GREENFORD, Ohio — What began as an initiative to create a “community of faith,” has grown into a mission that creatively involves non-profits, chruches, individuals and families in order to help the community grow its way out of hunger and poverty.
Goodness Grows is the brainchild of Pastor Steve Fortenberry and the congregation of Common Ground Presbyterian Church. It’s a nonprofit, based in the Common Ground’s community center, which sits on the 28 acre site of the former Mellinger’s Nursery in North Lima, Ohio. The project is encouraging a new generation to participate in faith-based community engagement.
Goodness Grows is an umbrella term for the many smaller projects that Common Grounds takes part in. Each project puts agricultural education and community building in the forefront.
One project, called the Growing Together program, enrolls special needs students and adults. The focus is to take those with disabilities and give them a therapeutic working environment. According to Goodness Grows, those enrolled in the project have demonstrated improvements in their speech patterns and their dexterity as well as expanded capabilities in a hands-on learning environment.
Goodness Grows also hosts a Specialty Crop Growers Apprentice Program in cooperation with the Ohio Cooperative Extension Service. This program is approved by the Ohio Apprenticeship Council. During the program, participants are given agricultural and sustainability training giving them the technical skills to manage an urban farm or community garden. Trainees learn the importance of crop diversity, how to maintain farming and gardening tools as well as how to manage pests. Many trainees in the program are either unemployed or underemployed. The training includes 2000 hours of on-the-job and in-the-field learning and 144 hours of classroom instruction.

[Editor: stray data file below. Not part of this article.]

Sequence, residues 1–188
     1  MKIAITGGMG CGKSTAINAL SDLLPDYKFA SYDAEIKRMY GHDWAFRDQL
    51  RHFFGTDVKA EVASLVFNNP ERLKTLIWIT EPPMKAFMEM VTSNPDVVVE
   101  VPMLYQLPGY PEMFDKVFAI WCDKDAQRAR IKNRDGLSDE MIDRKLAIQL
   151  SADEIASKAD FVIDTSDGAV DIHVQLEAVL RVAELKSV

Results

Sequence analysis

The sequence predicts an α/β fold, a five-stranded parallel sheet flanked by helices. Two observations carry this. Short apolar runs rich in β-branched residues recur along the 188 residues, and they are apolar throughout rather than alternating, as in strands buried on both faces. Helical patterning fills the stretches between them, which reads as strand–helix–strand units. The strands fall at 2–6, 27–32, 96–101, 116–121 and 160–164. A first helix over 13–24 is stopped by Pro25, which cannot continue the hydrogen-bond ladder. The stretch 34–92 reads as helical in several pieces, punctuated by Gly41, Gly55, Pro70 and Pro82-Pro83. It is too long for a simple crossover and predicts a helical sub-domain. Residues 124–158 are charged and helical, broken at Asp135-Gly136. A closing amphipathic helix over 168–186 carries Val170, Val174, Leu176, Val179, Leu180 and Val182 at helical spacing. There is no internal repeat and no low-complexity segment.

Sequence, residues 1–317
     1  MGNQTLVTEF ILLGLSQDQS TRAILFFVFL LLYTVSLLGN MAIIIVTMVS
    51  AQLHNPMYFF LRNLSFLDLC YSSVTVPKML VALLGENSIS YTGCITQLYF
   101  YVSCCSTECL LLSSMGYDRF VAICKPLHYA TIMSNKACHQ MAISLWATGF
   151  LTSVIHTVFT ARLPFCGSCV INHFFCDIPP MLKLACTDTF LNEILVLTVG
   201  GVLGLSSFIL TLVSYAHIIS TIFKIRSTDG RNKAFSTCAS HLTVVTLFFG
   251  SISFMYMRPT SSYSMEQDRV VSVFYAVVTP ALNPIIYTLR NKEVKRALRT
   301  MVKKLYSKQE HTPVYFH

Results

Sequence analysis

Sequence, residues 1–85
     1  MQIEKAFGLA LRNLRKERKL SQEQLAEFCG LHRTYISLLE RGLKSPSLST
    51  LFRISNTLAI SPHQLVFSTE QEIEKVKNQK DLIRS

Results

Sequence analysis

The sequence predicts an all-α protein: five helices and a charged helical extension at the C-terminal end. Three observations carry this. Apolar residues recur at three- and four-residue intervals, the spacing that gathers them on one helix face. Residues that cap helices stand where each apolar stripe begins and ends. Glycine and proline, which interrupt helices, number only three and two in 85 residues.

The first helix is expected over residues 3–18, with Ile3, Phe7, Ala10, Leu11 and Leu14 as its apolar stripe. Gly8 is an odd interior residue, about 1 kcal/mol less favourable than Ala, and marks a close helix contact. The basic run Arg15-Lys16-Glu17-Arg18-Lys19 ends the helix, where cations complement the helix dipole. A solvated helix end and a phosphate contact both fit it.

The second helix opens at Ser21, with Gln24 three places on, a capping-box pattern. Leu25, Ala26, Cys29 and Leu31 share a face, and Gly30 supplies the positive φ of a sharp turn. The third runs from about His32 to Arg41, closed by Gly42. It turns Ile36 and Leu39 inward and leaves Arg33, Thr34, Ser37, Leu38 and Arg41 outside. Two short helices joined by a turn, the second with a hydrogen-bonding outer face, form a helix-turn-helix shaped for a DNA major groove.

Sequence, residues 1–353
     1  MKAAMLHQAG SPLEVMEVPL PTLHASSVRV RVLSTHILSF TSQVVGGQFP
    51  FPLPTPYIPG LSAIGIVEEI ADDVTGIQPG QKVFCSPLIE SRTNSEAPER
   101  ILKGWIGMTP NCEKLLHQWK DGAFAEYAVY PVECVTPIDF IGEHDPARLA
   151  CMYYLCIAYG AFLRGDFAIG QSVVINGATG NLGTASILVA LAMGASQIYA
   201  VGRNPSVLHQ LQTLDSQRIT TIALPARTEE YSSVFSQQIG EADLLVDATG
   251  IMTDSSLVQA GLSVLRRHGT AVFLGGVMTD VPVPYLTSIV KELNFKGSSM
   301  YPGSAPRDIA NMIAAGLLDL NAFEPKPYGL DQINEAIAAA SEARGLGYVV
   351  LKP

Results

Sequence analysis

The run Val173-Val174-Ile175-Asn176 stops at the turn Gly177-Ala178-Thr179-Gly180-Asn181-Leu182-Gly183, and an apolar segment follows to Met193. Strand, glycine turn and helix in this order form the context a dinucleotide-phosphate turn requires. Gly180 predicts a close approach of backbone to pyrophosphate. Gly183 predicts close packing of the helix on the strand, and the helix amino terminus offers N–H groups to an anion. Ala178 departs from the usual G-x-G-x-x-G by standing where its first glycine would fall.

During the training, participants are connected with local non-profits, schools and churches in hopes of creating working relationships with institutions that could help support the trainee as they begin their own farm or garden.
“We’d like to be a conduit,” said Greg Bowman, the executive director of Goodness Grows. Bowman was hired into the program in 2011 after serving the Rodal Institute, a nonprofit organic farming and research organization in Kutztown, Pa., for 15 years. “We want to connect local farmers to the thousands of eaters in the Youngstown area,” he added.
As part of Bowman’s initiative, Goodness Grows has partnered with he Ohio Agricultural Research and Development Center, the Lake-to-River food Co-op and Boardman local
schools to include fresh and local foods in school lunches. The Lake-to-River Co-op is a regional food cooperative that works to establish relationships between local growers and local markets.
Though Goodness Grows is a faith-based organization, Bowman wants to make it known that participants don’t have to be religious. Goodness Grows will help train anybody who is willing to learn, no matter their religious or non-religious affiliations.
“It’s about practicing good stewardship,” said Fortenberry “We kept asking ourselves, ‘how can we help in the wisest and most strategic way?’” The answer was urban farming, “We really wanted to show people that there’s creative ways to use land that’s close by.”
Continue reading about Youngstown’s urban farming community.